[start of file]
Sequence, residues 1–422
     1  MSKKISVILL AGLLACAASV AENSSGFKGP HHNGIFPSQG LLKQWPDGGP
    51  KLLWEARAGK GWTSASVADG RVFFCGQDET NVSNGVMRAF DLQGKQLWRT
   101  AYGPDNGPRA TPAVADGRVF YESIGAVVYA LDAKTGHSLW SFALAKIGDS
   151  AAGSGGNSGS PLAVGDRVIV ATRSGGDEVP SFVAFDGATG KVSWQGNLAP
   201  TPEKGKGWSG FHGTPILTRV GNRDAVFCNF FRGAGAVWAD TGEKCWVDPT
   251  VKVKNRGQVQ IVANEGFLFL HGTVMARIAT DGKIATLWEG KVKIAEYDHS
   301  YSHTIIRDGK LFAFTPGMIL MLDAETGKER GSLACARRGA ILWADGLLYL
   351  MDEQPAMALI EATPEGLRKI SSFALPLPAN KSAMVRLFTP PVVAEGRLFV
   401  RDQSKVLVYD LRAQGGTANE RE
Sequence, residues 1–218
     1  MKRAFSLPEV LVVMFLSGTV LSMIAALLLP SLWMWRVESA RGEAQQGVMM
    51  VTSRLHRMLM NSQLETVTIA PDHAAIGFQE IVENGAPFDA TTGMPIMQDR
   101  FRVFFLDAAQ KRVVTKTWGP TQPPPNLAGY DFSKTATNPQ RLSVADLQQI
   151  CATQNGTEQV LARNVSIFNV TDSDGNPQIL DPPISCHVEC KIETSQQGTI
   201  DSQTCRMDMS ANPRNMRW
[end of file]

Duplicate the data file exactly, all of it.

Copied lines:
Sequence, residues 1–422
     1  MSKKISVILL AGLLACAASV AENSSGFKGP HHNGIFPSQG LLKQWPDGGP
    51  KLLWEARAGK GWTSASVADG RVFFCGQDET NVSNGVMRAF DLQGKQLWRT
   101  AYGPDNGPRA TPAVADGRVF YESIGAVVYA LDAKTGHSLW SFALAKIGDS
   151  AAGSGGNSGS PLAVGDRVIV ATRSGGDEVP SFVAFDGATG KVSWQGNLAP
   201  TPEKGKGWSG FHGTPILTRV GNRDAVFCNF FRGAGAVWAD TGEKCWVDPT
   251  VKVKNRGQVQ IVANEGFLFL HGTVMARIAT DGKIATLWEG KVKIAEYDHS
   301  YSHTIIRDGK LFAFTPGMIL MLDAETGKER GSLACARRGA ILWADGLLYL
   351  MDEQPAMALI EATPEGLRKI SSFALPLPAN KSAMVRLFTP PVVAEGRLFV
   401  RDQSKVLVYD LRAQGGTANE RE
Sequence, residues 1–218
     1  MKRAFSLPEV LVVMFLSGTV LSMIAALLLP SLWMWRVESA RGEAQQGVMM
    51  VTSRLHRMLM NSQLETVTIA PDHAAIGFQE IVENGAPFDA TTGMPIMQDR
   101  FRVFFLDAAQ KRVVTKTWGP TQPPPNLAGY DFSKTATNPQ RLSVADLQQI
   151  CATQNGTEQV LARNVSIFNV TDSDGNPQIL DPPISCHVEC KIETSQQGTI
   201  DSQTCRMDMS ANPRNMRW